Three bills seeking to preserve Fighting Sioux nickname to get joint hearingThree bills seeking to preserve UND’s Fighting Sioux nickname will get a joint hearing next week before the North Dakota House Education Committee.
By: Chuck Haga, Grand Forks Herald
Three bills seeking to preserve UND’s Fighting Sioux nickname will get a joint hearing next week before the North Dakota House Education Committee.
Rep. RaeAnn Kelsch, R-Mandan, who chairs the committee, said the bills will be scheduled at 9 a.m. Wednesday in the Capitol’s Brynhild Haugland Room.
“I plan to schedule all three at the same time so that individuals can comment on all, one or two of the bills and not need to come forward again,” Kelsch said.
“I am hearing that the room will be packed with individuals on both sides of the issue,” she said.
Bills proposed by Rep. David Monson, R-Osnabrock, and Rep. Duane DeKrey, R-Tappen, would prohibit UND and the State Board of Higher Education from retiring the symbols unless the Standing Rock Sioux tribe refuses permission through a tribal referendum.
That “negative option” approach would reverse the procedure outlined in a 2007 lawsuit settlement between UND and the NCAA, which stipulated that UND was to retire the nickname unless the Standing Rock and Spirit Lake tribes gave their OK.
Spirit Lake voters approved the continued use of Fighting Sioux by a two-to-one margin, but attempts by nickname proponents to arrange a vote at Standing Rock failed. The tribal council there eventually reaffirmed earlier council pronouncements opposing the nickname and declared the matter closed.
Meanwhile, David Gipp, a UND alum and president of Untied Tribes Technical College in Bismarck, sent a letter Wednesday to all legislators urging them not to continue the nickname controversy. Gipp was born and raised on the Standing Rock Reservation and is a member of the Lakota-Nakota-Dakota Nation.
The nickname bills have some weight behind them, and sponsors say they have broad support from other legislators and the public.
Monson is a former House speaker and assistant majority leader. DeKrey is chairman of the House Judiciary Committee.
The third bill, introduced by House Majority Leader Al Carlson, R-Fargo, would simply bar UND from dropping the nickname, and there is no reference to obtaining authorization from Standing Rock.
If the NCAA were to penalize UND for retaining it, Attorney General Wayne Stenehjem would be directed to file an antitrust lawsuit against the athletics association, according to the Carlson measure.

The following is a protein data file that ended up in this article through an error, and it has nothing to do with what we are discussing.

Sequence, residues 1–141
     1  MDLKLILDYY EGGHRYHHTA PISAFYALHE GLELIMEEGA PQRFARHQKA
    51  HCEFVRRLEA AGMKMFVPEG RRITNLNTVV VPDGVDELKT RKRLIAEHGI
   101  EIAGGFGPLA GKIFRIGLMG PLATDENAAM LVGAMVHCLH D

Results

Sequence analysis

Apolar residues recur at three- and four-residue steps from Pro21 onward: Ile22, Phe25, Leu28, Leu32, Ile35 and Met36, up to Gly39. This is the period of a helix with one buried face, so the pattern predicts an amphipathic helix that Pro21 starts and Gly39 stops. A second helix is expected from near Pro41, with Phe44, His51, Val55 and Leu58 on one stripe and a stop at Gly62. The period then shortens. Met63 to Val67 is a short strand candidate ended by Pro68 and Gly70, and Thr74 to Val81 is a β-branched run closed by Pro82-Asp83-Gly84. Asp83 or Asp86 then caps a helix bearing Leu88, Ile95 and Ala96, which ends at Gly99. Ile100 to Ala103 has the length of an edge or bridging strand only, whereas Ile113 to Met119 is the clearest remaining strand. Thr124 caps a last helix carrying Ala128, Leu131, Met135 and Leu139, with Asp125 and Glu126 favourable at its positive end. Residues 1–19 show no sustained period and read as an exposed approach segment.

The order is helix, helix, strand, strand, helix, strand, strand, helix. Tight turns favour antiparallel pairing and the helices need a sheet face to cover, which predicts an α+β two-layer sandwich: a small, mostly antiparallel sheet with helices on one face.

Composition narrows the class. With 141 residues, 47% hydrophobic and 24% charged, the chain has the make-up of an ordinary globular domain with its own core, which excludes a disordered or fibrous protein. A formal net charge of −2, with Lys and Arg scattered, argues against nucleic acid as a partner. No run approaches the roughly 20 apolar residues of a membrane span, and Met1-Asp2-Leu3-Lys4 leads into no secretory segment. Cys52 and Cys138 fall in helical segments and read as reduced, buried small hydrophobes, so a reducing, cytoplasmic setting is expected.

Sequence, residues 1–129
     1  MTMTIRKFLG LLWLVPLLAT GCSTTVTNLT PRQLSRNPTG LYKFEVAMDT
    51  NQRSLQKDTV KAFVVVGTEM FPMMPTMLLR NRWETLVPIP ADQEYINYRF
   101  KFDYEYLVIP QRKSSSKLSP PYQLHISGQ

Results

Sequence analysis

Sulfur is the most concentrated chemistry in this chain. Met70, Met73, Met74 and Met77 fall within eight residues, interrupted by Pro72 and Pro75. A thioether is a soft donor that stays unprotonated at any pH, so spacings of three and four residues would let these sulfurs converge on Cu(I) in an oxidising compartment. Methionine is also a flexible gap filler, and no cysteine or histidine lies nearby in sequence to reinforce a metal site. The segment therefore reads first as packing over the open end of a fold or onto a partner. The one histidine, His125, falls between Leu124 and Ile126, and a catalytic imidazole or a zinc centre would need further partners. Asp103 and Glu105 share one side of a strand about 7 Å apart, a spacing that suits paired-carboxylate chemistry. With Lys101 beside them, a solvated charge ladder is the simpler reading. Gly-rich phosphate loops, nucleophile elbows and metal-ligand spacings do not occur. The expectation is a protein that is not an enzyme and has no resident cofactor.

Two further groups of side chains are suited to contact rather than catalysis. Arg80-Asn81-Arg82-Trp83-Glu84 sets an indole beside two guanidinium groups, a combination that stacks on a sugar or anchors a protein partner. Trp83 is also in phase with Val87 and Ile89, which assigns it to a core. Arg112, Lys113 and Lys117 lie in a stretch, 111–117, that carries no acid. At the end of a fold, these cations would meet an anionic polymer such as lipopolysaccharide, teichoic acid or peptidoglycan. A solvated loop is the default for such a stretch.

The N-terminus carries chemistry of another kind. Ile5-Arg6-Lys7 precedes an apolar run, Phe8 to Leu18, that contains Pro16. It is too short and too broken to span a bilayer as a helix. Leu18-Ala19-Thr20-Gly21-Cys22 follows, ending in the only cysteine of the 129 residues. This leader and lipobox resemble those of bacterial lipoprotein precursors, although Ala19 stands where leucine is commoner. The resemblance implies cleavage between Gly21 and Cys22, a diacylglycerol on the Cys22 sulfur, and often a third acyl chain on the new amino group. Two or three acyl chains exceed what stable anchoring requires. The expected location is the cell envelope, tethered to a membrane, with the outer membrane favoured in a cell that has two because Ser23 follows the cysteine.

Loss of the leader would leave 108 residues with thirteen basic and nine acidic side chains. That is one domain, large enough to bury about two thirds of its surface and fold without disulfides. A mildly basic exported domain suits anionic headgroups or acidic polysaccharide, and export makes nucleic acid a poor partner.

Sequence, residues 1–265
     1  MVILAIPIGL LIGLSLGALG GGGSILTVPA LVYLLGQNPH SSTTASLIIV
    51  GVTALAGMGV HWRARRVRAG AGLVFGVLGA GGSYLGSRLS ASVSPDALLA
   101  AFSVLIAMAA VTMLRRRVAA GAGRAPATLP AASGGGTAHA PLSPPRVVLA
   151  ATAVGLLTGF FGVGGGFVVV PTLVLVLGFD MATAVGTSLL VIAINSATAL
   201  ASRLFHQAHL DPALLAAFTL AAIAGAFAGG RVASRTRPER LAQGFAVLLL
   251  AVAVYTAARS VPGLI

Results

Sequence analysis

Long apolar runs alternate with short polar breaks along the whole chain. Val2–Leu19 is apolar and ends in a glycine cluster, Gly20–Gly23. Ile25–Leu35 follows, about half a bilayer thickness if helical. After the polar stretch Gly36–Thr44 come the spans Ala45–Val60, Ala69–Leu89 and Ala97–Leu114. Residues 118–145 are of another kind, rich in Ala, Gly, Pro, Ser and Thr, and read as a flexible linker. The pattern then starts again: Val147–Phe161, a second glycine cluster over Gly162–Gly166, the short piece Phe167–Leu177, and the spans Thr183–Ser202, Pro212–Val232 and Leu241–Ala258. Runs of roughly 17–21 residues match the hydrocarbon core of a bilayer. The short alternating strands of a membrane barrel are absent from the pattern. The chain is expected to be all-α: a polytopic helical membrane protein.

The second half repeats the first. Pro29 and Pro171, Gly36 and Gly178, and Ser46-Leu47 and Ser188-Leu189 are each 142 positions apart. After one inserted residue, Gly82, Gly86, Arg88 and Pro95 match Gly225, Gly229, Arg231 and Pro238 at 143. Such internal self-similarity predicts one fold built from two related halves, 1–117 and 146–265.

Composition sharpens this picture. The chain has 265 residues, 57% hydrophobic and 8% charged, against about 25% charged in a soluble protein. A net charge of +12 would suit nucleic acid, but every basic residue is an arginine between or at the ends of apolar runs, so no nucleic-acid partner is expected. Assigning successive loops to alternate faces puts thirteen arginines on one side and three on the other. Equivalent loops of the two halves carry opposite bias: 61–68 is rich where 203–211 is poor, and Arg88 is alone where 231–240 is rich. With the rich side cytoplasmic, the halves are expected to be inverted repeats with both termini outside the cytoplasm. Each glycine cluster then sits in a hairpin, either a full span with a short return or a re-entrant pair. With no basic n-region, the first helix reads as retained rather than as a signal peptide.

Stenehjem has raised constitutional questions about all three bills, citing the Board of Higher Education’s status as an independent state agency with constitutional authority to oversee operations of institutions under its control.
Grant Shaft, a Grand Forks attorney and member of the higher education board, is expected to explain the board’s actions regarding the longstanding nickname controversy to the House committee. But the board decided last week to stay neutral on the proposed legislation, which would overturn the board’s April 2010 directive to UND President Robert Kelley to begin the transition away from the nickname and logo.
The transition began last spring with the formation of two task forces, including one charged with finding ways to honor the history and traditions associated with the 80-year-old nickname and the logo, which has undergone several transformations over the years.
That group recently adopted and sent to Kelley a report recommending discontinuance of the Sioux name for a variety of nonathletic uses by the Aug. 15 transition deadline, in addition to all athletics-related uses. The university’s athletic teams, notably the hockey team, are allowed to continue using the name through the current academic year.
UND has a timetable for discontinuing the licensing of Fighting Sioux apparel and other goods, and a task group on communications has sought to keep all “stakeholders” in the nickname controversy up to date. A third group may be formed to begin looking for a new nickname and logo.
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